Texas Governor Preston Smith
Former Texas Governor Preston Smith Dies at 91
AUSTIN -- Former Gov. Preston Smith, whose public career began during World War II and ended almost
30 years later in fallout from a major statehouse scandal, died October 18, 2003. Smith was 91.
Smith died at the Texas Tech University Medical Center in Lubbock, Texas, where he had been hospitalized several
suffering from pneumonia.
Only a week ago, he had attended a Texas Tech football game, a friend said.
Smith is credited for establishing the medical and law schools at Lubbock's Texas Tech University.
He prided himself as being the first Texas governor from West Texas.
A Democrat, Smith served two terms as governor from January 1969 to January 1973, when terms were for
two years. He was defeated seeking a third term in 1972, a year after the Sharpstown stock fraud scandal
shoock Texas state government.
He attempted a comeback for Governor in 1978 but finished third in the Democratic primary.
In recent years, Smith helped raise money for Texas Tech University and, when asked, would still comment
on state politics.
His signature polka-dot ties notwithstanding, Smith's personal style matched his conservative politics.
But while he was governor he helped boost the future career of a far more colorful figure, the late Bob
Bullock, a gubernatorial aide and secretary of state under Smith, later served 24 years as state
comptroller and lieutenant governor, making strong imprints on state policy and the legislative process.
Bullock died in 1999.
Preston Earnest Smith was born north of Austin on March 8, 1912, in Williamson County, in a small community called Corn Hill.
His family later
moved to West Texas, where he graduated from high school in Lamesa.
He said he first got the idea to run for governor when he was 9.
"I was walking down a cotton row behind a span of mules and reading an old newspaper about Governor
Jim Ferguson," Smith recalled in 1969 to Houston Chronicle reporter Billy Porterfield. "That was the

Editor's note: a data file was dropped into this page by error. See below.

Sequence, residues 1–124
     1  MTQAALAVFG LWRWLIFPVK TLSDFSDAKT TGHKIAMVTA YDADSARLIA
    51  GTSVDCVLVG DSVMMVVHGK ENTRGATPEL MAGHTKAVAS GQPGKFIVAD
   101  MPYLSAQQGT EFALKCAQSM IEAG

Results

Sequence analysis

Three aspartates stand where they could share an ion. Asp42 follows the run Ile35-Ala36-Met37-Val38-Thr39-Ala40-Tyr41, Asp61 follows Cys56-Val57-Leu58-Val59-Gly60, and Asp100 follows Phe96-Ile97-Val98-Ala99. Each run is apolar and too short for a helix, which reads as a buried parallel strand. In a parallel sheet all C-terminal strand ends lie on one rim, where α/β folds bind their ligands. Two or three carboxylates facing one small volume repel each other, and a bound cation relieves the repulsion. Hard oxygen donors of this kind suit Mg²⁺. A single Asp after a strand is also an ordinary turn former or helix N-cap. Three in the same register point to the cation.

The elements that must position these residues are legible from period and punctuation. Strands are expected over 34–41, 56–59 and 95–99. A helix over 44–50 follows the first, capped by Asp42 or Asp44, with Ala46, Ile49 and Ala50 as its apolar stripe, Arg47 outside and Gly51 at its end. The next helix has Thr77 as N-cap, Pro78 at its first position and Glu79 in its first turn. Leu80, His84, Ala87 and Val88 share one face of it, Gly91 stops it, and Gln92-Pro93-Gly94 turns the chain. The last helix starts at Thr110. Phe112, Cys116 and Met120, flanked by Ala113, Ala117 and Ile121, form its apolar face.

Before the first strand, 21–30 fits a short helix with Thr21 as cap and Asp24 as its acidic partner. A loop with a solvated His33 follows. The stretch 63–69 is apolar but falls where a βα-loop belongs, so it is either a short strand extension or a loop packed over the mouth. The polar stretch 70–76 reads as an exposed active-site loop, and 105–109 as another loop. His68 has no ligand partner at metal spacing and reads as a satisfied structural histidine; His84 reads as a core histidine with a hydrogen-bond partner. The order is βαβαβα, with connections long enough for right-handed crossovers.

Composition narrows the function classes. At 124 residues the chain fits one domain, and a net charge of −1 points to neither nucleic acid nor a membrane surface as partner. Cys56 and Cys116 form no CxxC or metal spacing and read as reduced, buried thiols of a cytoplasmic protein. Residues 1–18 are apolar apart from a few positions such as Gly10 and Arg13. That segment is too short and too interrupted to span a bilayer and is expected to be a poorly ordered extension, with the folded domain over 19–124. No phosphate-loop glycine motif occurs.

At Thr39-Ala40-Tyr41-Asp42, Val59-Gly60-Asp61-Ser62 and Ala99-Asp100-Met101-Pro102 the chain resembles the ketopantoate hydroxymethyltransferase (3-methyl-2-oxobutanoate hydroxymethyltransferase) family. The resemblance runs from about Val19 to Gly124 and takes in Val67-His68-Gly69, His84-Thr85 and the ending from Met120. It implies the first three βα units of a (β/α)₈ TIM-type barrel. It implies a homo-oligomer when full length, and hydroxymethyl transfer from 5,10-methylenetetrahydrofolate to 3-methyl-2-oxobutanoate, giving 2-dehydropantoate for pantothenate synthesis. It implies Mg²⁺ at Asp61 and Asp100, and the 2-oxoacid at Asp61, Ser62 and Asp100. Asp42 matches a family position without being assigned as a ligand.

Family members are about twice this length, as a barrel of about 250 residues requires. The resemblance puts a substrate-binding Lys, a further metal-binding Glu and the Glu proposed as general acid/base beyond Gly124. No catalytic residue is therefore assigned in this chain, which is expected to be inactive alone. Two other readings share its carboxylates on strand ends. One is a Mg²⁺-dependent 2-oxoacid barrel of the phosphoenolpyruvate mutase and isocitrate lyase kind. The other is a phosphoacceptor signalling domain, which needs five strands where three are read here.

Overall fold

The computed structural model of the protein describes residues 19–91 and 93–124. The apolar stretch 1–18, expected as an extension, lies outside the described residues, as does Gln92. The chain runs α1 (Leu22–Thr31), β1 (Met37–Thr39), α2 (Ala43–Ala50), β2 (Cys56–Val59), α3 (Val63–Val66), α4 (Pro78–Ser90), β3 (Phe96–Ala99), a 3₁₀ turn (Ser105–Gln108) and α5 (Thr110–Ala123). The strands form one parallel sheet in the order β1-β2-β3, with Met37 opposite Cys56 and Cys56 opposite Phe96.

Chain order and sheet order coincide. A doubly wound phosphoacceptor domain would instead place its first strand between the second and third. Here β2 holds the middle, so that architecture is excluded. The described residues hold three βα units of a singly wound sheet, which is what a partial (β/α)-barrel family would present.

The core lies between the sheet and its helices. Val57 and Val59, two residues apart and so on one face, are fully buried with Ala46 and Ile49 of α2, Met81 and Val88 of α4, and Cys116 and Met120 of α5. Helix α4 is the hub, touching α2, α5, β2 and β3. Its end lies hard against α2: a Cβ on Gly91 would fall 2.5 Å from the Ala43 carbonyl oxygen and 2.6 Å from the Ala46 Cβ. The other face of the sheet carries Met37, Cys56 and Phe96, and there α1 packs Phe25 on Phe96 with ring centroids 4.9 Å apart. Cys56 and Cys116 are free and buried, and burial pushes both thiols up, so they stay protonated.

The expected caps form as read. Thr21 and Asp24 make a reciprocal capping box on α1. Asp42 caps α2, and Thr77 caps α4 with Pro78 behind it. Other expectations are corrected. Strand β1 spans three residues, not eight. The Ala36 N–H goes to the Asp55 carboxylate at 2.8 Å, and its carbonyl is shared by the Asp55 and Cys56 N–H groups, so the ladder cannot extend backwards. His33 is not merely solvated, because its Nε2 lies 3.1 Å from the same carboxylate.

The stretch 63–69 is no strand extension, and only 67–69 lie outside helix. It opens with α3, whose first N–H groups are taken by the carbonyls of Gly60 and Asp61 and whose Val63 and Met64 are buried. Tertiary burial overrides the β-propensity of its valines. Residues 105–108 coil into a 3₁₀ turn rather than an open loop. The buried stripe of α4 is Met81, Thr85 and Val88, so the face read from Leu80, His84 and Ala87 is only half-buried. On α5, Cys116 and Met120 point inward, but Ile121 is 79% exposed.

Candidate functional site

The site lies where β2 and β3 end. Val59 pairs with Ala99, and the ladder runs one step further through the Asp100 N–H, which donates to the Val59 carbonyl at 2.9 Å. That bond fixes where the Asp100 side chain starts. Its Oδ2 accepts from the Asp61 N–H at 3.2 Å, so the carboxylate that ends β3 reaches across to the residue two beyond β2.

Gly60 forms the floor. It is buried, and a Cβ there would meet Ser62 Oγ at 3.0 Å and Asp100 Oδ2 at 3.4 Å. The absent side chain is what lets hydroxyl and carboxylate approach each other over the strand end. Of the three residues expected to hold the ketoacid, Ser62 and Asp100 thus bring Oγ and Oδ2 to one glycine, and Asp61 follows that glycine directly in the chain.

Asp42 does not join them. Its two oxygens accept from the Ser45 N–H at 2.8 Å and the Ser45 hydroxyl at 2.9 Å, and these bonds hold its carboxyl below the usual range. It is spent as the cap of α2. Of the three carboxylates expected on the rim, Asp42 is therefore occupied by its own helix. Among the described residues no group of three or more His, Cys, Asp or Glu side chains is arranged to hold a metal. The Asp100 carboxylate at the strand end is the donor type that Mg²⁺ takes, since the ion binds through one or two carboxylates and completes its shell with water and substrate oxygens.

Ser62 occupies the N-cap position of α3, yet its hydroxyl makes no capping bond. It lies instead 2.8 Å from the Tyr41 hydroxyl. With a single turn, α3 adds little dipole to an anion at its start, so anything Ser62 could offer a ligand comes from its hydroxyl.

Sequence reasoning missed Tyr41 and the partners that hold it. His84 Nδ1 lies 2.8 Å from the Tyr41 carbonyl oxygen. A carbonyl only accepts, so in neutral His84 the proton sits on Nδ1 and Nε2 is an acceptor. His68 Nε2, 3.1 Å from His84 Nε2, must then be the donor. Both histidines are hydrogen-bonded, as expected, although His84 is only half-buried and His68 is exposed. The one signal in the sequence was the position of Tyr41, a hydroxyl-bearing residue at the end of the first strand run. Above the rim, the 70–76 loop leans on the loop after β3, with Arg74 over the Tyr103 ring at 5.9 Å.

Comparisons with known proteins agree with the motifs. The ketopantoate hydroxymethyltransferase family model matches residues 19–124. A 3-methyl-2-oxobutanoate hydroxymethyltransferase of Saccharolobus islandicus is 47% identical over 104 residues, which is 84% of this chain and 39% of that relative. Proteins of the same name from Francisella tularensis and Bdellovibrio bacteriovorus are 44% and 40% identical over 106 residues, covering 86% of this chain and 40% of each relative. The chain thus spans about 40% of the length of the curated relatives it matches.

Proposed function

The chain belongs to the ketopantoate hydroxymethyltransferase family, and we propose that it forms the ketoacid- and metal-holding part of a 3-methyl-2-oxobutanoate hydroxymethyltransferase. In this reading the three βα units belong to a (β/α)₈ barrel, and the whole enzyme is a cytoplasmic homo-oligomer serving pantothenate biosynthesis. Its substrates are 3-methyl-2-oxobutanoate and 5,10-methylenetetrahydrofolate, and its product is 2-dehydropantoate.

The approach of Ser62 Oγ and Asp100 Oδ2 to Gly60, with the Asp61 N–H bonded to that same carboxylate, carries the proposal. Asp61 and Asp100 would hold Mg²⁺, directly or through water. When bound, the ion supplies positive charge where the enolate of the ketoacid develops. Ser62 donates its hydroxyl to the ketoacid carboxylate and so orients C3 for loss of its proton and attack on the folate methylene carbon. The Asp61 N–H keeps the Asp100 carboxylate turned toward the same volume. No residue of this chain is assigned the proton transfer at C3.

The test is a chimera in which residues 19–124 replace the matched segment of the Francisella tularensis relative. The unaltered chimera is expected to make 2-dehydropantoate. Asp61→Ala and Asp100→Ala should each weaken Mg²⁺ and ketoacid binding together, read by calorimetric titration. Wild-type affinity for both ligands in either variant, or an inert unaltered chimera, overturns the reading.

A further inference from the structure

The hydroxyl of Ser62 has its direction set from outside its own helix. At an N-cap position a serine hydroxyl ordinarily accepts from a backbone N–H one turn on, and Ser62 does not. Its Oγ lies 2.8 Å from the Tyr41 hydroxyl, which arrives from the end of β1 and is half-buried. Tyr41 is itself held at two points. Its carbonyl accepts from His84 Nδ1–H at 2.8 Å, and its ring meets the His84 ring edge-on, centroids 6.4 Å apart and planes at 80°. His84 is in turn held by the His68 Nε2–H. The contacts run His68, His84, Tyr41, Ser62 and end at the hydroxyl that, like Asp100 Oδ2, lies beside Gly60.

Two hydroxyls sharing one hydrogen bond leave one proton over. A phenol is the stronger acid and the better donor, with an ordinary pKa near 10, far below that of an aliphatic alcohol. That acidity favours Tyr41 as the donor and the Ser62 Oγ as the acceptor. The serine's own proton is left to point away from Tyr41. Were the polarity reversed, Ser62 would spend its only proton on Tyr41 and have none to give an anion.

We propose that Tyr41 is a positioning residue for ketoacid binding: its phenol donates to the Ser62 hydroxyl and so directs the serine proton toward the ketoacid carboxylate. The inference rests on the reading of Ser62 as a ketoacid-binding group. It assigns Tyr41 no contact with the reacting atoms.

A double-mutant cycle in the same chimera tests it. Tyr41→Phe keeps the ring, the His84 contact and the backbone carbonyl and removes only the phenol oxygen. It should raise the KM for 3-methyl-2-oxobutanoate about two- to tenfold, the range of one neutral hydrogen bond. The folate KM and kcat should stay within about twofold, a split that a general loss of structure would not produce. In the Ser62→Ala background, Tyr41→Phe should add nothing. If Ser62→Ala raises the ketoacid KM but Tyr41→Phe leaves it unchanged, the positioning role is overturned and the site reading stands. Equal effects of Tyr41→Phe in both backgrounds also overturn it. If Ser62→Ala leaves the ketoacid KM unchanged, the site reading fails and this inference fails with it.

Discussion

first time I'd read about a governor, and I decided right then and there I wanted to be governor.
I've worked toward that goal ever since."
He earned a bachelor's degree in business administration from Texas Tech University in 1934, settled in
Lubbock and helped launch a chain of movie theaters.
Smith was elected to the Texas House in 1944 and served three terms there before losing a race for
lieutenant governor in 1950. He was elected to the state Senate in 1956 and served there until he
began the first of three terms as lieutenant governor in 1963.
"Gov. Smith was a creature of the Legislature. He spent much of his career in elective office as a
member of the Legislature, understood the Legislature and worked well with the Legislature," said
lobbyist Mike McKinney, who was on Smith's gubernatorial staff.
McKinney told the Houston Chronicle of stories where Smith could play hardball. In 1969,
Smith signed a bill
providing for a teacher pay raise but vetoed the general state budget. He had to call a special
session for lawmakers to rewrite the budget, but he guaranteed higher teacher pay, which had been a
priority, McKinney said.
As governor, Smith also was instrumental in expanding higher education facilities.
Occasionally, like most public officials, he had to live down embarrassments.
Smith wasn't sure what was going on in 1970, when protesters disrupted his speech at the University of
Houston with chants of "Free Lee Otis!"
The demonstrators were shouting in support of a local black student leader, who had been sentenced in
1968 to 30 years in prison for passing a marijuana cigarette to an undercover officer.